Dietary Choices, Fitness, Food, Gluten-Free, Health, Product Recommendations, Vegetarian , , ,

20 Days In

It’s been nearly 3 weeks since I made a firm commitment to getting my chubby self into better shape. So many friends and acquaintances have come through with great advice and have shared similar stories about their struggles with food and/or weight – it’s been quite inspiring.

The honesty and openness has been humbling, and I’m so grateful to those who have and who continue to share. Seeing my friends at various stages of their own process helps me to really internalize the long-term nature of this project.

Let me share with you a little slice of my own motivation for getting going with this, apart from a general sense of wanting to be thinner and, therefore, healthier. Ok, and wanting to buy clothes at regular, normal-sized-person stores.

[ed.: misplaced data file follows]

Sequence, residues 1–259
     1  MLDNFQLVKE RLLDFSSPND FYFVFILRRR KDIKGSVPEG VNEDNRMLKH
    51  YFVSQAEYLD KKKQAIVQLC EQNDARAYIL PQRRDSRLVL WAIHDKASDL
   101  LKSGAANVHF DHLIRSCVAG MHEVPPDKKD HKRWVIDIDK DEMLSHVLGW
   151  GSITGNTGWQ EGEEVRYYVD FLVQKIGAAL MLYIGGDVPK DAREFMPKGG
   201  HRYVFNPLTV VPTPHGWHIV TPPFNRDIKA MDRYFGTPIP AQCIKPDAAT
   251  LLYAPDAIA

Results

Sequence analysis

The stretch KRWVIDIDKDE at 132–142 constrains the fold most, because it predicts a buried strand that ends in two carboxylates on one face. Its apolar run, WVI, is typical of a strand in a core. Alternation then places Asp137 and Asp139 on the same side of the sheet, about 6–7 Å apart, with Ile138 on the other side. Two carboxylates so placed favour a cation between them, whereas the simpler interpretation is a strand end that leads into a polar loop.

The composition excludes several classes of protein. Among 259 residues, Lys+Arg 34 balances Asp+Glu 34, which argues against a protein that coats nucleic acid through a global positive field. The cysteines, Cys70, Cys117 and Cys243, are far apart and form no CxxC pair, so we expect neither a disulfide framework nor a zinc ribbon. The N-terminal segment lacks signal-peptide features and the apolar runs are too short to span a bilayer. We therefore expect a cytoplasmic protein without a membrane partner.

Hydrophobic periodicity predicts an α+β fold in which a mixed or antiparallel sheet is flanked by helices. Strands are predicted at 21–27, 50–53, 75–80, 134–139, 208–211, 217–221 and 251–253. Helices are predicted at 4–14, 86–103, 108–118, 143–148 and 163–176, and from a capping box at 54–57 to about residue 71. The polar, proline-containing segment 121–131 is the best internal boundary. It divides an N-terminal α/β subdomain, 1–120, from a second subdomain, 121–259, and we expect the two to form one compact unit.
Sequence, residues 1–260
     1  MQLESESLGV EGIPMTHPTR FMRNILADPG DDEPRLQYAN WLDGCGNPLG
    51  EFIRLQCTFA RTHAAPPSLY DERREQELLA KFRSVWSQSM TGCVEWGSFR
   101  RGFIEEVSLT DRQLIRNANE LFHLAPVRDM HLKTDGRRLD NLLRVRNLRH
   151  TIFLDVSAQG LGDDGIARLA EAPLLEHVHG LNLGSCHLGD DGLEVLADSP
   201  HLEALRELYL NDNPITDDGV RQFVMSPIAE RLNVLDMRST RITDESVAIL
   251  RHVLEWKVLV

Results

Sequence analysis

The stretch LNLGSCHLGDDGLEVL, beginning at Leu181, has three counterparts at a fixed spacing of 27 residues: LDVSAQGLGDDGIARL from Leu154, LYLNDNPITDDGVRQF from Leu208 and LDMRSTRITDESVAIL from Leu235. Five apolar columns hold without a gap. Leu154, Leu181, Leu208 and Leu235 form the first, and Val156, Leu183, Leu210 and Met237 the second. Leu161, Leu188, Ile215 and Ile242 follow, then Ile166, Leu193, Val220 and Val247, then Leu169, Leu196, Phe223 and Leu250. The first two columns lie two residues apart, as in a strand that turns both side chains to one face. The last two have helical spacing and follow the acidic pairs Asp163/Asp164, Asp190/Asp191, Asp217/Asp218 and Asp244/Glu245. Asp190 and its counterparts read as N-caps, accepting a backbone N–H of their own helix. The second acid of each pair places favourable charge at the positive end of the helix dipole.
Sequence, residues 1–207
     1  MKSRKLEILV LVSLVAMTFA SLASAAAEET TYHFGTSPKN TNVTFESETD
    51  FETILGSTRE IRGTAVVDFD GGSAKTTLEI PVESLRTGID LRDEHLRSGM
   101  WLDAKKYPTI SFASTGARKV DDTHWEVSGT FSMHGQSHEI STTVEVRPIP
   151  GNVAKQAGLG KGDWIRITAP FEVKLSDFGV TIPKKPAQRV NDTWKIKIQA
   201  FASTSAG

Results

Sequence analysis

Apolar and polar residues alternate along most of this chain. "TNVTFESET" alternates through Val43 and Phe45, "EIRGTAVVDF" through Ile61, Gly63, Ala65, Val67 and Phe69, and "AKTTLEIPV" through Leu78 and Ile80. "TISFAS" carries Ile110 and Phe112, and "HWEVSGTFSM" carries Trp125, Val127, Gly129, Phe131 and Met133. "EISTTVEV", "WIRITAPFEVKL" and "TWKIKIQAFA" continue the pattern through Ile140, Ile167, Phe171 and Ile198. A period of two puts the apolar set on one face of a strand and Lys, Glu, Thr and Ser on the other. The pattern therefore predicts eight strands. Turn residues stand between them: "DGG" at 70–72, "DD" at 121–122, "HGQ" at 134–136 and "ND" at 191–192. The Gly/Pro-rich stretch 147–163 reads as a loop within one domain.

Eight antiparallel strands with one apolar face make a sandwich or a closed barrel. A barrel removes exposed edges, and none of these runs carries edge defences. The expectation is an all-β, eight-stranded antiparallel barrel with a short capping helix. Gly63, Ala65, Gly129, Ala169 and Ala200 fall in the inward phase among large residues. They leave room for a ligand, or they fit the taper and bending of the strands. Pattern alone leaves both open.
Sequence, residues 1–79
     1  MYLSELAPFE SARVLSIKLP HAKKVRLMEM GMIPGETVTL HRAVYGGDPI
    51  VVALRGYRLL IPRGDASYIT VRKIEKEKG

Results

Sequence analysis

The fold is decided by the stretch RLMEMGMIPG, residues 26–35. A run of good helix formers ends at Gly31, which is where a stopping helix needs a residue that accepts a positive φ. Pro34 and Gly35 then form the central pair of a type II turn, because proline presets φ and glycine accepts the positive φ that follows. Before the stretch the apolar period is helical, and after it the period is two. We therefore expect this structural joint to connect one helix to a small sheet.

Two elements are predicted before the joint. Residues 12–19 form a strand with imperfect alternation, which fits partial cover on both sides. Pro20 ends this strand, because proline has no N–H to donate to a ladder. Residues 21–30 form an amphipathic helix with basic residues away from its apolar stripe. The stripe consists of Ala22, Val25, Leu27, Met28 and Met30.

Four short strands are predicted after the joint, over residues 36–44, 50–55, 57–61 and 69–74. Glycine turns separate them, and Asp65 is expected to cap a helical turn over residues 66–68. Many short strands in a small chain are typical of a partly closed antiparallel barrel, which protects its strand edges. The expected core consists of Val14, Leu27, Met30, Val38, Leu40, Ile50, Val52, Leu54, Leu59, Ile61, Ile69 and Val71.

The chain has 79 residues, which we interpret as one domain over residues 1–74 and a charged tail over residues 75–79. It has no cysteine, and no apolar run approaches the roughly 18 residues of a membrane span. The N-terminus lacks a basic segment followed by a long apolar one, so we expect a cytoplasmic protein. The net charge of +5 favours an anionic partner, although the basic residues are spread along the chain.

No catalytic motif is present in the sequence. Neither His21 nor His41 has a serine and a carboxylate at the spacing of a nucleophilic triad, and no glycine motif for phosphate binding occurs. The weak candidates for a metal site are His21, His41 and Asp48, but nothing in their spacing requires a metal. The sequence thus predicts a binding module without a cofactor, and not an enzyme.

(Apologies in advance to The Engineir, who has no idea this has been weighing on my mind, and who really is a wonderful person.)

The last time my husband gave me a compliment was on our wedding day, just over a year ago. “You look beautiful,” he said. At the time, I couldn’t remember the last time he’d given me a compliment like that, and so I made a mental note to pay attention and make sure I wasn’t just taking them for granted.

Some of you who haven’t met me in person won’t realize I’m not someone who pays a lot of attention to fashion, or make-up, or trying to look “put-together” most of the time. Indeed, I’m a t-shirt and jeans/shorts kind of person – I value comfort and utility in clothing most of the time. So, I can understand Mike not coming home every day and saying, “WOW! You look FANTASTIC in those chicken-poop-covered jeans!” or “Boy, you sure do look sexy when you haven’t showered in over 24 hours! I really dig the bits of leaves in your hair.”